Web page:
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Securities and Exchange Commission v. Kokesh

United States District Court, D. New Mexico

October 31, 2018




         THIS MATTER is before the Court on remand from the Tenth Circuit Court of Appeals and the Supreme Court of the United States. Based on the orders of the higher courts, Plaintiff now moves for an amended Final Judgment [Doc. 205]. Defendant responded on September 25, 2018. [Doc. 207]. Plaintiff replied on October 11, 2018. [Doc. 209]. The parties consented to have the undersigned conduct all proceedings, including entry of final judgment. [Doc. 46]. The Court has considered the briefing, the relevant portions of the record, and the relevant law. Being otherwise fully advised in the premises, the Court will GRANT Plaintiff's Motion and enter an amended Final Judgment as described herein.

         I. BACKGROUND

         Between 1995 and 2009, Defendant misappropriated $34.9 million from four business-development companies. Defendant then concealed the misappropriations by filing false Forms 10-K and 10-Q with the Securities and Exchange Commission. Plaintiff sued Defendant in 2009 alleging violations of various securities laws, including the Investment Company Act of 1940, the Securities Exchange Act of 1934 (plus various Rules thereunder), and the Investment Advisers Act of 1940. [Doc. 1]. After a five-day trial, a jury found that Defendant violated the above Acts. The Court entered judgment against Defendant on March 30, 2015, ordering him to pay $2, 354, 593 in civil penalties and to disgorge $34, 927, 329 plus pre-judgment interest. [Doc. 185]. The Court also permanently enjoined Defendant from violating the above securities laws. Id.

         Defendant appealed to the Tenth Circuit Court of Appeals on the grounds that (1) the disgorgement and permanent injunction represented civil fines, penalties, or forfeitures subject to a five-year statute of limitations under 28 U.S.C. § 2462; and (2) the Court should not have excluded certain evidence at trial. Appellant's Opening Br. to Tenth Circuit 3. The Tenth Circuit affirmed. SEC v. Kokesh, 834 F.3d 1158 (10th Cir. 2016).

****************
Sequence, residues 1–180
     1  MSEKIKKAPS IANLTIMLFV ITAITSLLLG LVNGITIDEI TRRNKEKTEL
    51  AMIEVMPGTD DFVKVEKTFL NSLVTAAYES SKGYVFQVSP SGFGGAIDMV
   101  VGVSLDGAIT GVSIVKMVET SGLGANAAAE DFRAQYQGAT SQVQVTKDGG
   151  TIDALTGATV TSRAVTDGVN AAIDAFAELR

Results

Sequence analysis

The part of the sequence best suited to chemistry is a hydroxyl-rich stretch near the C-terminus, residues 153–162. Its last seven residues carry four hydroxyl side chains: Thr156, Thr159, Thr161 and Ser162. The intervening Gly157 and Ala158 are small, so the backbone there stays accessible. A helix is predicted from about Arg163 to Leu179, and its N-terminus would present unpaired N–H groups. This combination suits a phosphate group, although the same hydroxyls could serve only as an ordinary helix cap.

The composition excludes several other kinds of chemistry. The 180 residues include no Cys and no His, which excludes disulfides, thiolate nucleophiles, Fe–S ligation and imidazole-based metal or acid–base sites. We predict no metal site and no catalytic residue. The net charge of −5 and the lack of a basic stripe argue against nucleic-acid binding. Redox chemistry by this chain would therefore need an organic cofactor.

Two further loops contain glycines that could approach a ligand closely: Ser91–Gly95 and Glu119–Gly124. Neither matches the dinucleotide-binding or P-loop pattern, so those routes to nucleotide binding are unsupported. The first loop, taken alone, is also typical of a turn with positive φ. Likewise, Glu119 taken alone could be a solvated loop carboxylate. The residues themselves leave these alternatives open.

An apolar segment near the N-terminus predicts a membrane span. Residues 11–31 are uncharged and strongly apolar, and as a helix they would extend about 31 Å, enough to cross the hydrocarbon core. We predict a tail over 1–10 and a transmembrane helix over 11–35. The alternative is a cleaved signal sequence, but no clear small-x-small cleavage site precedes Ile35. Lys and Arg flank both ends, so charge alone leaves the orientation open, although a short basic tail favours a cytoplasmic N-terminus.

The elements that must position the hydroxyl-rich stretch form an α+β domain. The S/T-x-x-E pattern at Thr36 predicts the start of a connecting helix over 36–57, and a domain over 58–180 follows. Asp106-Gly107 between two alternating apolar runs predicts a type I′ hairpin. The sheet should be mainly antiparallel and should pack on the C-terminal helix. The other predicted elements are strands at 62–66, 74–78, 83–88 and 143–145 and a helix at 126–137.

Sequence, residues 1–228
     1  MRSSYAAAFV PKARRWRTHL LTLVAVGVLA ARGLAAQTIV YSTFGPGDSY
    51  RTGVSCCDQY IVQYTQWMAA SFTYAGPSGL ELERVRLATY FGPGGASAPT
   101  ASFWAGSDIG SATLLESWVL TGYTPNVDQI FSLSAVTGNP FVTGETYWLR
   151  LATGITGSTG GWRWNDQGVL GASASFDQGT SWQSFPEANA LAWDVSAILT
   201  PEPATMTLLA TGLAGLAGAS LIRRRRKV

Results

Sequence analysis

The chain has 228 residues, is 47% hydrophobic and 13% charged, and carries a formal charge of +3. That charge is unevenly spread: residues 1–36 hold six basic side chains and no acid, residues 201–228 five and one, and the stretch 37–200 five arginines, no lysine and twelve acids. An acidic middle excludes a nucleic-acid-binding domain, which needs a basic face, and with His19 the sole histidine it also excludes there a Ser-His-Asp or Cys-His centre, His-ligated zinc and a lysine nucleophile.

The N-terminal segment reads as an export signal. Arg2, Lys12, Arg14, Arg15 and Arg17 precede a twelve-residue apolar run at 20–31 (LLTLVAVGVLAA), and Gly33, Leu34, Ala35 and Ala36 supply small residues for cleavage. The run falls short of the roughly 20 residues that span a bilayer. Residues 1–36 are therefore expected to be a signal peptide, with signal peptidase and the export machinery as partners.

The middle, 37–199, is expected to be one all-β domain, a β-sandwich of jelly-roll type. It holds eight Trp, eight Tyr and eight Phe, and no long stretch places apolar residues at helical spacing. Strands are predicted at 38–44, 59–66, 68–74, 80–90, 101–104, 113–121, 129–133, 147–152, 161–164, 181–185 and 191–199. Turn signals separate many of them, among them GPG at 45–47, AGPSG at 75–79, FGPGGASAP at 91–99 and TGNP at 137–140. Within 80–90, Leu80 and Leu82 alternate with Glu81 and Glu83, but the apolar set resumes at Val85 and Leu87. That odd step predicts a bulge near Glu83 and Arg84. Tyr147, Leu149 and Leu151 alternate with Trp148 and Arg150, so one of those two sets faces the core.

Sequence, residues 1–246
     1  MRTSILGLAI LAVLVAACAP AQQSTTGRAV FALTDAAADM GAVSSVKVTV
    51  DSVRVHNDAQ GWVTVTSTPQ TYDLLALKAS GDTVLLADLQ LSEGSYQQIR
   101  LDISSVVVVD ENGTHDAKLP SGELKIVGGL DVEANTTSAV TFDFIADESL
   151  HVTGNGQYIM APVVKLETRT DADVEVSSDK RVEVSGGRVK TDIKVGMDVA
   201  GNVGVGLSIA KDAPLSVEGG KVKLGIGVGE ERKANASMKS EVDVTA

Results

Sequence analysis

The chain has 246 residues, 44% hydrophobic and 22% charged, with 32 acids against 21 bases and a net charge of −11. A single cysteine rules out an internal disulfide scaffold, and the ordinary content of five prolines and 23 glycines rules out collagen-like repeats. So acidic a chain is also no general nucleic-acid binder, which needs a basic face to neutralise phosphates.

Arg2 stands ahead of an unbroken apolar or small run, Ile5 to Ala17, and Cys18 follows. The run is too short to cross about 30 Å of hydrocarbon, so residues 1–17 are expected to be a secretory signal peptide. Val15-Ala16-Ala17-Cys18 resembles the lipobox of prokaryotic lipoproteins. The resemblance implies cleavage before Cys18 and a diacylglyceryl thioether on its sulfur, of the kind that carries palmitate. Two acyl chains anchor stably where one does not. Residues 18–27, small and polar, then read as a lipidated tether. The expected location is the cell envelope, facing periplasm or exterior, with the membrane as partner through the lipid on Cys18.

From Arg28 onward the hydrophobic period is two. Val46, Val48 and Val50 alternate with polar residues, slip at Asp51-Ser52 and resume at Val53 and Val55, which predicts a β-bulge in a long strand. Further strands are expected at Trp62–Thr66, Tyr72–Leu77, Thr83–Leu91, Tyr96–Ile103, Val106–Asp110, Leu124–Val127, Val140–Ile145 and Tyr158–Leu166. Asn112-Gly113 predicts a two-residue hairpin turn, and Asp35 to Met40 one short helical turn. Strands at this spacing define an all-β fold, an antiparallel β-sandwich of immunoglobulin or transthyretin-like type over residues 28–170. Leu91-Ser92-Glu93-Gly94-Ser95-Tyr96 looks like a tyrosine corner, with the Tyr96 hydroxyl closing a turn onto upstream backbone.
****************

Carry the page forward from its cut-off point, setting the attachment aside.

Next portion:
Defendant then appealed to the Supreme Court, where the only issue he presented was whether § 2462's five-year statute of limitations applied to claims for disgorgement. Pet. for a Writ of Cert. i. Ultimately, the Supreme Court held that “[d]isgorgement in the securities-enforcement context is a ‘penalty' within the meaning of § 2462, and so disgorgement actions must be commenced within five years of the date the claim accrues.” Kokesh v. SEC, 137 S.Ct. 1635, 1639 (2017).

         On remand from the Supreme Court, Defendant urged the Tenth Circuit to find that the entire action against him was time-barred. His theory focused on when the SEC's claims “accrued.” As Defendant saw it, the claims against him for disgorgement (and other civil penalties) “first accrued” when he began his fraudulent schemes. Because the first occasions on which he engaged in each type of misappropriation occurred as early as 1995 and no later than 2001, Defendant argued that the entire action was time-barred. Appellant's Suppl. Mem. Br. to Tenth Circuit 1-2. Defendant argued in the alternative that if the entire action were not barred, at least the claims for disgorgement (and for other civil penalties) should be time-barred on the same interpretation of when the claims “first accrued.” Id. at 2.

         The Tenth Circuit was not persuaded. The court held that Defendant's misappropriations of funds were properly viewed as discrete violations. SEC v. Kokesh, 884 F.3d 979 (10th Cir. 2018). It found that Defendant had converted $5, 004, 773 within the five-year limitations period (i.e., after October 27, 2004), and it remanded the case to this Court with instructions to enter an order requiring Defendant to disgorge $5, 004, 773. Id. at 985.

         III. ANALYSIS